Watching the Democratic debates, one cannot help but notice that every solution they offer is a new law. Not once do they explain that while a given issue may be a problem, it is not one where the government could or should take action. No issue is too trivial for the federal government to be involved in. No problem is too complicated for a clumsy, one-size-fits-all federal law.

With real poverty having effectively been eliminated in the United States, and our lives constantly improving because of human innovation, what need is there for a party of big government to take care of us, unless they find new problems to save us from? And what need would there be for such a party if they were incapable of saving us from such problems?

There are 29 comments.

  1. Stad Thatcher

    Anyone who thinks passing a law solves a problem should look at the “Do Not Call” list. We screen our calls, and we must get ten gazillion calls a day with caller IDs like “South Carolina”, “Toll Free Caller”, or “IRS Enforcement Division” (my personal favorite is “0-000-000-0000”).

    I’ve said it before: if the NSA would track down and destroy these annoying callers, they’d be looked at with admiration, not suspicion . . .

    • #1
    • January 18, 2016, at 12:09 PM PDT
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  2. donald todd Inactive

    Democrats. Blind to the damage they do. Ignorant of laws such as economics and human psychology. Advocates of the law of political correctness, and of multiculturalism. Contemptuous of actual human beings.

    And, as I learned watching the spectacle of Bill Clinton, if one law won’t deter you, add some more which will only be applied to those they hate so that the object of their hatred will face multiple felonious charges in hopes that at least one will find the target. Bill Clinton was not the target of their hatred so the law wasn’t applied to him.

    • #2
    • January 18, 2016, at 12:11 PM PDT
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  3. Songwriter Member

    Surely laws stop bad behavior. Just consider freeway speed limits…

    Okay, maybe that’s a bad example.

    • #3
    • January 18, 2016, at 12:15 PM PDT
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  4. James Gawron Thatcher

    Frank,

    A sign which declares a location gun free is an impotent gesture which does no good, and almost certainly some amount of harm.

    Why yes exactly. Most of what the other side proposes and implements are exactly “impotent gestures”. I think they are, in fact, The Party of Impotent Gestures. Being able to name something isn’t much but it’s a start.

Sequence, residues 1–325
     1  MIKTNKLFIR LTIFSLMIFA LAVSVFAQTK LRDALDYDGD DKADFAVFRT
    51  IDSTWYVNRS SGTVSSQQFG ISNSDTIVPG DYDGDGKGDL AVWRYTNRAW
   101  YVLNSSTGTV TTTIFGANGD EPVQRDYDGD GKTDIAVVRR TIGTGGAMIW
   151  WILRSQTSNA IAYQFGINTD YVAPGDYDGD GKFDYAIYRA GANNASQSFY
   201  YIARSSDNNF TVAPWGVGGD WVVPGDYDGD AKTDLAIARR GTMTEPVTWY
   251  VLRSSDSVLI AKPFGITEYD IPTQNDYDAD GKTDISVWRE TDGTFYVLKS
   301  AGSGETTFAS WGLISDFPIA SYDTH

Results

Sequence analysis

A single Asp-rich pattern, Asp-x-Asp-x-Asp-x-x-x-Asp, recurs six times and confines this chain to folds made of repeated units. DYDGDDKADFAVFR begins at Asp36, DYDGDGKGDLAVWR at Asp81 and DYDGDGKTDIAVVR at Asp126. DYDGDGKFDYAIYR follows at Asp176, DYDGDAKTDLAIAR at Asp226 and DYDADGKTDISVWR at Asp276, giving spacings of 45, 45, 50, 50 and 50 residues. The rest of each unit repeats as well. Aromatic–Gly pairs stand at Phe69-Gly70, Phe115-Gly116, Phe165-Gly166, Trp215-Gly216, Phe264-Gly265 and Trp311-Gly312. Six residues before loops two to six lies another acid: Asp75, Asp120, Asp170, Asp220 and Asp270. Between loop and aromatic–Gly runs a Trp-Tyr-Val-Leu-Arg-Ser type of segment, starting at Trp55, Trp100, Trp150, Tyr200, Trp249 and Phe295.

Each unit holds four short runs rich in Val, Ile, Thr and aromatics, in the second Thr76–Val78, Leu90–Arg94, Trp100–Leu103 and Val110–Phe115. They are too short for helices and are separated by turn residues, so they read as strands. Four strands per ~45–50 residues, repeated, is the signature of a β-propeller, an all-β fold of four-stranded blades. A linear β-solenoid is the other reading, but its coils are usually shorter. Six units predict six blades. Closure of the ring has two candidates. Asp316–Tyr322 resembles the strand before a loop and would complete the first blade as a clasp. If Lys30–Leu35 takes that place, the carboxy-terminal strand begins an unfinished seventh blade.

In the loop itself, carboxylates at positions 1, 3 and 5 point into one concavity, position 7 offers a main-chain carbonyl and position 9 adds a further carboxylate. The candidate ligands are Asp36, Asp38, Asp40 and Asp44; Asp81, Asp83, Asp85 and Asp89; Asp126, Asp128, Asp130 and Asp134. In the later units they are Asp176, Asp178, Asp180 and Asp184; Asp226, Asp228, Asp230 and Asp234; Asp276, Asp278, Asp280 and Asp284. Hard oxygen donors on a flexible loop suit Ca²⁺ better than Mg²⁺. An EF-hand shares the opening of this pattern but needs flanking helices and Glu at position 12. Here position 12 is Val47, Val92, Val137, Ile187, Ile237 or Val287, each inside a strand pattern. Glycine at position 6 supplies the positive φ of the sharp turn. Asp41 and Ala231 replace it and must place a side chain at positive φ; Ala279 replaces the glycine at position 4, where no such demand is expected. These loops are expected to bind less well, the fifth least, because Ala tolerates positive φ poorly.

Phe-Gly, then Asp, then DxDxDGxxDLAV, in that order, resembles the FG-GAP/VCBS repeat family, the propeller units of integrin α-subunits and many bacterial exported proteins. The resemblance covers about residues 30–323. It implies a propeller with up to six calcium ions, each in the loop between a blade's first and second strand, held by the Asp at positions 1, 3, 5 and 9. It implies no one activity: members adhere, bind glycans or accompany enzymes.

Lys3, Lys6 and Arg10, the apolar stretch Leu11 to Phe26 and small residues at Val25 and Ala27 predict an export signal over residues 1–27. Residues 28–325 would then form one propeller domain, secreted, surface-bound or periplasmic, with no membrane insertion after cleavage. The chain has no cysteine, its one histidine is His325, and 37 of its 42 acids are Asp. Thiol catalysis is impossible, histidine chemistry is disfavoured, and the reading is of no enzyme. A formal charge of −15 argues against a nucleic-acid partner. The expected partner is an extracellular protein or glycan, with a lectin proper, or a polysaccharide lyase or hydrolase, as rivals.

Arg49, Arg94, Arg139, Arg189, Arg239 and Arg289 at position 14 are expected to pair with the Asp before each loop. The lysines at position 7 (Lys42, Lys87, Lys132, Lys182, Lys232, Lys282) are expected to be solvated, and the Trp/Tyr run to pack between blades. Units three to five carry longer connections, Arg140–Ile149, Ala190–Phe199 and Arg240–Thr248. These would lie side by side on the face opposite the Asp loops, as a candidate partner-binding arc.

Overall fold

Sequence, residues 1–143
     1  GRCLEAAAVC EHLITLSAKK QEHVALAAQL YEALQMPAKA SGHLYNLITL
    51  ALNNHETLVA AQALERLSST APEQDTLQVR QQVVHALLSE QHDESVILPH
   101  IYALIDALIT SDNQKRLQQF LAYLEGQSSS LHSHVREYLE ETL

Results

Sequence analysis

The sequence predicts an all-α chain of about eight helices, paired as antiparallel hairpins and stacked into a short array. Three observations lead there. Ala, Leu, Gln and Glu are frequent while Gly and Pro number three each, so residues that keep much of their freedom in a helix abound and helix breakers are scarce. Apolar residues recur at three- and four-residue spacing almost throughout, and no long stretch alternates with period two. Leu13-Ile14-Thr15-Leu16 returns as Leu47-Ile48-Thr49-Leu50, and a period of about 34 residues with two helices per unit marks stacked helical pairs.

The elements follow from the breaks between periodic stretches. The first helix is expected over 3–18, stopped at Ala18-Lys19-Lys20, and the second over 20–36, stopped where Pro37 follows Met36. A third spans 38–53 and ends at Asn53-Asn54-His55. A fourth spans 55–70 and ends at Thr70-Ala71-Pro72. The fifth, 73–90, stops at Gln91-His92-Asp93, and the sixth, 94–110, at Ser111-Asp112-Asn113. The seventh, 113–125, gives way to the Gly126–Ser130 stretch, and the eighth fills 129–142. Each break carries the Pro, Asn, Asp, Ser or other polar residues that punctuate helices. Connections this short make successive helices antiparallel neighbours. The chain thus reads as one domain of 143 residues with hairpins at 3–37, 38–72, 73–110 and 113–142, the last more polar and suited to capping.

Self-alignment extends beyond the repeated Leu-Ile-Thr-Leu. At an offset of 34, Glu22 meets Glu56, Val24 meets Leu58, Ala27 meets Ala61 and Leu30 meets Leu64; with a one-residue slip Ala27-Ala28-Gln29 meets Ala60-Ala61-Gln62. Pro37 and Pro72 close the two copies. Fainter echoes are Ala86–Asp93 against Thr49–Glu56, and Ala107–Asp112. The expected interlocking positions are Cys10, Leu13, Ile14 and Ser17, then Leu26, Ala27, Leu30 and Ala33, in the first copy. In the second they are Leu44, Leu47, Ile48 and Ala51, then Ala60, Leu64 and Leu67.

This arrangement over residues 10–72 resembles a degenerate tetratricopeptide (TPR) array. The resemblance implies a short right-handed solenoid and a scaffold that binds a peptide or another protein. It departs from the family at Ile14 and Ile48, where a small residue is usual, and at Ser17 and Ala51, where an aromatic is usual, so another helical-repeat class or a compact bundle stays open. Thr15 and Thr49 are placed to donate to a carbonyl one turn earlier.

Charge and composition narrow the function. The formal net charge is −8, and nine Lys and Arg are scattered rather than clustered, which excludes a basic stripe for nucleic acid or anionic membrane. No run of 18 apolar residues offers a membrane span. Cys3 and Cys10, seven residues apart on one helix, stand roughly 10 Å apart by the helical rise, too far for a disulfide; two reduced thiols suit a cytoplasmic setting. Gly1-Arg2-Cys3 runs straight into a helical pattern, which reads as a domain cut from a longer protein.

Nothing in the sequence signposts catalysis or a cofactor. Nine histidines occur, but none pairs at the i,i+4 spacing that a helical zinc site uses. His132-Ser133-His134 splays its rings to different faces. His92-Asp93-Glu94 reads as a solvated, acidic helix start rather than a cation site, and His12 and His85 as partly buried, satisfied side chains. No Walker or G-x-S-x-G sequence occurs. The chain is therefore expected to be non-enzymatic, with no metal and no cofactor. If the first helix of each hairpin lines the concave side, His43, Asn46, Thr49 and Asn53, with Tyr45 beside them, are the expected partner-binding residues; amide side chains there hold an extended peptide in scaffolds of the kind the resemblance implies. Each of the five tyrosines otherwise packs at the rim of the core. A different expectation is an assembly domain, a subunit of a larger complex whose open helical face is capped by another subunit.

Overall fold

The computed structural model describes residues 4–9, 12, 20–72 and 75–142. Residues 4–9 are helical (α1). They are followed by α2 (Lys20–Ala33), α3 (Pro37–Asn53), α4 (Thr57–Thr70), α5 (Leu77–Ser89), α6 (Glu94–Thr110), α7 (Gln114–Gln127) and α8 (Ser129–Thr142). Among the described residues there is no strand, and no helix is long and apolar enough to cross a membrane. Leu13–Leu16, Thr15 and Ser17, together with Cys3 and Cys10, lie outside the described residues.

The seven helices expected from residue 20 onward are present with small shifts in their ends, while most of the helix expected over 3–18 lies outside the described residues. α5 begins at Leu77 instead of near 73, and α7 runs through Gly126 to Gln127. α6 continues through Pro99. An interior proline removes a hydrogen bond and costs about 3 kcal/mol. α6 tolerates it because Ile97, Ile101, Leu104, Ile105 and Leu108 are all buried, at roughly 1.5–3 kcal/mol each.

Thanks Frank.

    Regards,

    Jim

    • #4
    • January 18, 2016, at 12:22 PM PDT
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  5. Fake John/Jane Galt Coolidge

    Frank Soto: It would seem a self-evident truth that laws are not force fields. Simply creating a rule does not in and of itself change anyone’s behavior. Unenforced laws are useless. This would seem to be a strong argument in favor of only passing laws whose enforcement can be done in a practical manner, and which do not duplicate existing law.

    You misunderstand the purpose of laws in our modern day system. The purpose is to have a law for every situation so any person the system does not like can be put in jail or at least inconvenienced whenever the government wants. This way fear is instilled in the populace and everybody learns to keep their mouth shut and go along or if they don’t the government can just find a law to lock them up, take their stuff, destroy their business, destroy their livelihood, and destroy their family.

    • #5
    • January 18, 2016, at 12:39 PM PDT
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  6. James Of England Moderator

    Frank Soto: Ignoring that the gender wage gap is primarily a myth, and instead allowing ourselves to work under Clinton’s assumption that there is significant discrimination that still must be combated, why would passing even more legislation be our answer? How much more illegal can we make it?

    I believe that you owe Phyllis Schlafly an apology. It really is possible to make a major dent in the wage gap, simply by having the government determine how much people should be paid, and making gender a key input into that decision. While that might seem obviously un-American, the pursuit of the Equal Rights Amendment to the Constitution was a major goal of a younger HRod, and it is only because the actual legislative solution has been comprehensively defeated that a more mature Clinton has to settle for legislative ideas that won’t work.

    In addition to the Republican defeat of the ERA, the defeat of private sector unions and the halting of the expansion and now approaching defeat of public sector unions has also been helpful.

    It has not always been the case that this stuff was beyond the Overton window. Clinton’s reaching for now unavailable solutions is like an amputee trying to open a door with his phantom limb.

    • #6
    • January 18, 2016, at 12:50 PM PDT
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  7. Basil Fawlty Member